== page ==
Simply put, a VPN (or virtual private network) provides a secure way to connect to the Internet, encrypting the data you send over the connection to protect it, while also providing you with better levels of online privacy.
VPN technology has been around for years, but there has been a spike in interest lately. This has been fueled by a variety of factors, including growing concerns about governments monitoring online activities, ISPs likely to resell user data, more people working from home and, of course, the ubiquitous hackers looking to intercept malicious act data.
It is therefore not surprising that many people are turning to a VPN to defend themselves against these impending dangers. An understanding of how this software works will help users decide if and when to use this technology, the types of threats they can protect against and all of the limitations found therein.
Broadly speaking, there are two basic types of VPNs: corporate and consumer.
The first type is the consumer VPN, which is the variety that most people think of these days when the term is mentioned. With a consumer VPN, the user is connected to the private network through an encrypted tunnel, called a VPN tunnel. Data transferred through the tunnel is encrypted to keep it private and prevent it from being intercepted.
The user transmits encrypted data to the VPN server through the virtual connection, which then connects to the global web, keeping user activities more anonymous and secure. The ISP cannot see the transferred data, only that the user is connected to a private server.
Consumer VPNs have many uses contributing to their current popularity. Some common uses include:
- Anonymity of ISP tracking
- More security when using public Wi-Fi hotspots
- Get access to geo-blocked websites
- Use a VPN to view foreign Netflix catalogs
- Bypass country-specific Internet censorship like China
Methods of setting up a VPN for a home user include at the computer or router level. Configuring one individually on a PC has the advantage of simplicity, and it’s easier to try a new service without fully committing to it. While desktops and laptops can be set up this way, and even Android and iOS phones, not all devices – like smart TVs or multimedia boxes – will be able to connect to a VPN service.
On the other hand, having VPN at the router level offers the advantage of having the entire network on the VPN without configuring each device individually, which means that the aforementioned devices like smart TVs will be covered.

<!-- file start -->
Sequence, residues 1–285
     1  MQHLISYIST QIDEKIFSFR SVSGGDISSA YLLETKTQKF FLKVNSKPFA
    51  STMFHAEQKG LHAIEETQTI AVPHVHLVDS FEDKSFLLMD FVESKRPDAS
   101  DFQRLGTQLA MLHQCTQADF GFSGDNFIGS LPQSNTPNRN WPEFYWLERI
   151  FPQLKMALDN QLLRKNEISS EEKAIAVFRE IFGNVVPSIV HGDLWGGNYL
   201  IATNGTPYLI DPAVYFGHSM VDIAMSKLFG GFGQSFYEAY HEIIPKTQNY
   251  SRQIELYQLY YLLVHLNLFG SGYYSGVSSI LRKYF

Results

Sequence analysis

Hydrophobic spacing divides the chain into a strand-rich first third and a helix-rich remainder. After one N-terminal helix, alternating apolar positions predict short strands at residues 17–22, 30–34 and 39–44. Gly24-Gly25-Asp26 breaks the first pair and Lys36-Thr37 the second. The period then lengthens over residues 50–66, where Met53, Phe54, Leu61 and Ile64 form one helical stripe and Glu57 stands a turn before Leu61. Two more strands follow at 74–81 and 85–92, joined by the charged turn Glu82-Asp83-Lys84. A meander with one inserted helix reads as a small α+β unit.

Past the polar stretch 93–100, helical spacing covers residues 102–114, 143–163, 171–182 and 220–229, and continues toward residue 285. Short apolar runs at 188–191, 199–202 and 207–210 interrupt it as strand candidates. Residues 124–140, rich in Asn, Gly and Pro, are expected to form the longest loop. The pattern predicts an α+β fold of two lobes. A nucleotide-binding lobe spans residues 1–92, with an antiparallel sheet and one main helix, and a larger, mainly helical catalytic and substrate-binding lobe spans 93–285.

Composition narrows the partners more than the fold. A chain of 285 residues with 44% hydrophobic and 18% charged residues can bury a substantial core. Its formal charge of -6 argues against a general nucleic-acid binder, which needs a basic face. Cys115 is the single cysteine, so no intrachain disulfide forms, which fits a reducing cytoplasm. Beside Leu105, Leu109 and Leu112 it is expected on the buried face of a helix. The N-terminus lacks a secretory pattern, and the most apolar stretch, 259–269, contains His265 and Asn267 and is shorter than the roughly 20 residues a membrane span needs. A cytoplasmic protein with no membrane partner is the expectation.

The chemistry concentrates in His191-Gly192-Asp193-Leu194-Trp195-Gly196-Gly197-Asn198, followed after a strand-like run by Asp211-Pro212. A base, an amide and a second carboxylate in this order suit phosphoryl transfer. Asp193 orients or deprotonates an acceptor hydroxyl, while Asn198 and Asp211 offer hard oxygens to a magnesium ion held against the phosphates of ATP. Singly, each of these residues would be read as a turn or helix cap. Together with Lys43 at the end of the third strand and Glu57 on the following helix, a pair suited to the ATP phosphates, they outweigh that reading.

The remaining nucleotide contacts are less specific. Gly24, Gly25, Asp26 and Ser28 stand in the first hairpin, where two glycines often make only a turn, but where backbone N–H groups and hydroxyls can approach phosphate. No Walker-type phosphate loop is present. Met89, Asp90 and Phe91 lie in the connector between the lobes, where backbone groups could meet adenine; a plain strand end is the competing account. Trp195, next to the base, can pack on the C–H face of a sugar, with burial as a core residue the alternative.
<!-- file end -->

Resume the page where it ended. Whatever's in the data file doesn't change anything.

A crucial component is the tunnel that connects the user to the VPN server, which is the key to keeping data private. At this point, remember that to send and receive data over the Internet, you need to divide it into packets. To secure each data packet, it is wrapped in an external packet which is encrypted through a process called encapsulation. This external packet protects data during transfer and forms the basis of the VPN tunnel. Upon arrival on the server, the external packet is removed, to access the data of the internal packet, and this requires a decryption process.
Corporate VPN, also known as remote access VPN, is a method for an off-campus employee to connect to the corporate private intranet securely while off-site. Security is maintained via a password and, in some cases, via a security token or a smartphone app that generates one-time passwords.
There are two essential elements of a corporate VPN. The first is the remote access server (RAS), also called network access server (NAS, but this term is confusing because NAS is also an acronym for network storage), which is the server with which a user connects via the Internet to access the corporate network. The second component is the VPN client software, which establishes the connection to the RAS and guarantees confidentiality through the encryption process.
This technology is useful for off-site or on-road workers who still need to access resources on the company’s internal private network. Once the remote worker is authenticated, they are connected to the company intranet via an encrypted tunnel; in other words, a private connection is established on the public Internet. The corporate VPN has enabled remote workers to collaborate with colleagues using services such as desktop sharing.
For larger companies with multiple campus locations, and in turn multiple LANs, an even more robust solution is required. It is a site-to-site VPN, which makes it easy to share corporate resources across multiple sites by securely connecting geographically separate campuses.
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A VPN connection is generally slower than a non-VPN connection. This is due to three factors:
- The encryption process
- Transmission to the VPN server which is geographically more distant, often in another country
- The decryption process
VPN is a technology with many useful applications, as well as limitations. With an understanding of how a VPN achieves privacy through the tunneling process, users can successfully leverage the tool, thereby improving their Internet experience.
For users who value their anonymity and online security, it is worth choosing, configuring and maintaining the best VPN service (there are even free quality VPNs) to keep internet traffic encrypted and safe.
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